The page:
As a result, a need exists for a sensitive optical receiver for binary coded wireless optical data in a packet format, such as Ethernet, which minimizes ambient light degradation, has a wide acceptance angle so as to minimize the need to point or aim the receiver in a particular direction, and has a relatively short transmission range.
FIG. 1 illustrates a wireless optical receiver in accordance with the present invention.
FIGS. 2A-2B illustrates light collection means for use with the wireless optical receiver of FIG. 1.
FIG. 1 illustrates a receiver for high-speed binary encoded wireless optical data that comprises optical receiving means (100 and 101), first and second transformers (102 and 103), transimpedance amplifiers (104 and 105), feedback resistors (106 and 107), and limiting means (108). The optical receiving means (100 and 101) comprises one or more reversed-biased photodiodes, parallel-connected to form arrays. The arrays (100) and (101) may be reversed biased by a voltage multiplier (109). The first photodiode array (100) is connected to the primary winding of the first untuned transformer (102) and the second photodiode array (101) is connected to the primary winding of the second untuned transformer (103). An example of a transformer suitable for use with high-speed binary encoded data signals such as Ethernet is the Coilcraft LAX10T-100SM.
When light is incident on either array (100) or (101), a current is produced in the primary winding of the first or second untuned transformer (102) or (103), respectively, which has a mean value equal to the product of the light source irradiance at the surface of the array, the photodiode responsivity, the surface area of the array and the optical gain preceding the array. The light incident on the surface of photodiode arrays may include both the desired intensity-modulated infrared data signals as well as unmodulated ambient light due to daylight, interior lighting, etc. The direct current due to unmodulated ambient light sources is returned to ground while the binary encoded data signals are passed from the primary to the secondary winding of the first or second untuned transformers (102) and (103).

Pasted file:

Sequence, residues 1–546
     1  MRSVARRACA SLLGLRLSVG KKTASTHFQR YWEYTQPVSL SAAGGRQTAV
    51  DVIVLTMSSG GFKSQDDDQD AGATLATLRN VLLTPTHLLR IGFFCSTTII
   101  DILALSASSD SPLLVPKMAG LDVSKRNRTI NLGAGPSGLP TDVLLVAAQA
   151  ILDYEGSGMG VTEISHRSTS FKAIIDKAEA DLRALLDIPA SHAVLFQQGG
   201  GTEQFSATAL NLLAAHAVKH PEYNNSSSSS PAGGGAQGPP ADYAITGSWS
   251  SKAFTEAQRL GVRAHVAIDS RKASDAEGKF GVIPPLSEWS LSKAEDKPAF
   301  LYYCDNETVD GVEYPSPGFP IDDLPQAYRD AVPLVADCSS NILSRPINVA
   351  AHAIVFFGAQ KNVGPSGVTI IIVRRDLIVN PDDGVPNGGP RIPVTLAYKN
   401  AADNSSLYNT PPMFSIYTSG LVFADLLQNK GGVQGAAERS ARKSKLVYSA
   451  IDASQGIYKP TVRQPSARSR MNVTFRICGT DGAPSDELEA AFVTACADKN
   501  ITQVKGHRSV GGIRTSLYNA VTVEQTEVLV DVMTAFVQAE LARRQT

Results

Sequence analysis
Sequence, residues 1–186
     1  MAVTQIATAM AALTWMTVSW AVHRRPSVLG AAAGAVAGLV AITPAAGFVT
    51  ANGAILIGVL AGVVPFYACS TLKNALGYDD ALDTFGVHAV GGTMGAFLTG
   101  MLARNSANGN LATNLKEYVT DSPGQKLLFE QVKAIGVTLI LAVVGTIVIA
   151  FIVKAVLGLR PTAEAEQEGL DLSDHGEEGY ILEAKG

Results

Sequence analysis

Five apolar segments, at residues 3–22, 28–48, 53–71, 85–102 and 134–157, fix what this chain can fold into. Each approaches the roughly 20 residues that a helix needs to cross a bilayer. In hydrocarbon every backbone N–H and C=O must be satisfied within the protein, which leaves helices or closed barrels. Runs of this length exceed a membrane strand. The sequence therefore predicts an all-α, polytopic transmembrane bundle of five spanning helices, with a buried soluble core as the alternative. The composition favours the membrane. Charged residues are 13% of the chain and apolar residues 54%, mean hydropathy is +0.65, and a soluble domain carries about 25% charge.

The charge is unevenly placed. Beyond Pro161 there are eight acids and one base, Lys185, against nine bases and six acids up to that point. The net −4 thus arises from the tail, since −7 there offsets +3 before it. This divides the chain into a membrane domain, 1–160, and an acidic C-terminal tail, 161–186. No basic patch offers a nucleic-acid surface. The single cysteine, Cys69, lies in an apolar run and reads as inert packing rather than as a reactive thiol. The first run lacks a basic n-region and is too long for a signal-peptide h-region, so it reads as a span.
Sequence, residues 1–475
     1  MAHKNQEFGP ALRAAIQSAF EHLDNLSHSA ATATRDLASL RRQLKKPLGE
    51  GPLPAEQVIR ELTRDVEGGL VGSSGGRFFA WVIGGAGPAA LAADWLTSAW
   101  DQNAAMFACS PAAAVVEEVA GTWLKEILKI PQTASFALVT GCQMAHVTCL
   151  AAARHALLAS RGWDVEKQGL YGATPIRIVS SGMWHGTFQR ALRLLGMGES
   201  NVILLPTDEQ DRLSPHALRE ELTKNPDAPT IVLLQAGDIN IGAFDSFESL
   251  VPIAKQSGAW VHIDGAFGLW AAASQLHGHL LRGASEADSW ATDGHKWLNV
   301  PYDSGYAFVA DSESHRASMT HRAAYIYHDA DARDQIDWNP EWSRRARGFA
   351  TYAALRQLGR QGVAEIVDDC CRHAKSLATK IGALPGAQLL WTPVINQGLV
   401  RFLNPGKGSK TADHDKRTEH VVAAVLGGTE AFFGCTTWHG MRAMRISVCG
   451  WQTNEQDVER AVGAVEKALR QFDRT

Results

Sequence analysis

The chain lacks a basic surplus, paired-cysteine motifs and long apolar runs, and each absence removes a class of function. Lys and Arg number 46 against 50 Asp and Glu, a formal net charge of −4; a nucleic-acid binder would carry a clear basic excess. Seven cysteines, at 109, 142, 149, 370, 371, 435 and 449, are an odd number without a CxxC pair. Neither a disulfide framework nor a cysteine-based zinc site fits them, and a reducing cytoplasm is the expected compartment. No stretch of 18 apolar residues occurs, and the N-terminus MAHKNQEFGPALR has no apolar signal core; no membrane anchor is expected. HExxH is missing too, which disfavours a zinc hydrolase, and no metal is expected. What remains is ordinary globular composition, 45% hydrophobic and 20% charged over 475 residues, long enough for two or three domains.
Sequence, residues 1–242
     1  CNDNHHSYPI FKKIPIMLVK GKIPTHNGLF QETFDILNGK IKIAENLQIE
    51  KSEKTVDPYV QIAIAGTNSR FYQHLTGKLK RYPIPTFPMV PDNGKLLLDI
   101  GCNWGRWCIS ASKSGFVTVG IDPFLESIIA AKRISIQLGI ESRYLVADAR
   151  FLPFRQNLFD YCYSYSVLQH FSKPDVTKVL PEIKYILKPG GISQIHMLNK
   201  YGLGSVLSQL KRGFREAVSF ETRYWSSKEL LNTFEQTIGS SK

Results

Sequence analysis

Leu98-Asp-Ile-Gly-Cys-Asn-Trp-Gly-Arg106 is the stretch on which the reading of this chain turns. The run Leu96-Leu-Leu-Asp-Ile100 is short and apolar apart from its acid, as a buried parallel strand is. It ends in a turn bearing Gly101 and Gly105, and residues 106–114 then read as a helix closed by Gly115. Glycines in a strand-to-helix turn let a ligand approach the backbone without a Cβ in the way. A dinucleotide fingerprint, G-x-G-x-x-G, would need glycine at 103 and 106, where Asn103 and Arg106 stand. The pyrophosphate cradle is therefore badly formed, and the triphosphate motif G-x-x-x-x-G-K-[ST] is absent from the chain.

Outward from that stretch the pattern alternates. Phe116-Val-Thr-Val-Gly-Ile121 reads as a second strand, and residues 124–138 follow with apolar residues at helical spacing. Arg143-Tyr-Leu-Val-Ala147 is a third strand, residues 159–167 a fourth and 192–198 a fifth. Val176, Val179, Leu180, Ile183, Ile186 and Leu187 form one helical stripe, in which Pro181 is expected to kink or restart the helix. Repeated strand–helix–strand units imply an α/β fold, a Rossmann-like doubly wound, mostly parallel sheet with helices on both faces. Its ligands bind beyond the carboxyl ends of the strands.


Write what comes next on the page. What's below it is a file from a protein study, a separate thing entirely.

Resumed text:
The secondary winding of the first untuned transformer (102) is coupled through capacitor (115) to transimpedance amplifier (104) having feedback resistor (106). In a similar way the secondary winding of the second untuned transformer (103) is coupled through capacitor (116) to transimpedance amplifier (105) having feedback resistor (107). The presence of feedback resistors (106 and 107) ensure that the transimpedance amplifiers have the necessary low input impedance, approximately 100 ohms, to provide proper impedance matching to the first and second untuned transformers and minimal frequency response degradation due to the photodiode array capacitance. The first and second untuned transformers (102) and (103) may be designed to have a limited low frequency response. Extended low frequency response is not necessary with binary encoded data signals such as Manchester-encoded data signals since the data signal spectrum has minimal energy at frequencies less than approximately 5% of the bit rate. It is advantageous to limit the low frequency response of the receiver in order to eliminate interference caused by ambient fluorescent lighting and minimize the time duration of the dc bias shifts in subsequent receiver stages associated with the detection of a data packet. The secondary windings of first and second untuned transformers (102) and (103) are reversed in phase to provide differential signal inputs to transimpedance amplifiers (104) and (105), respectively.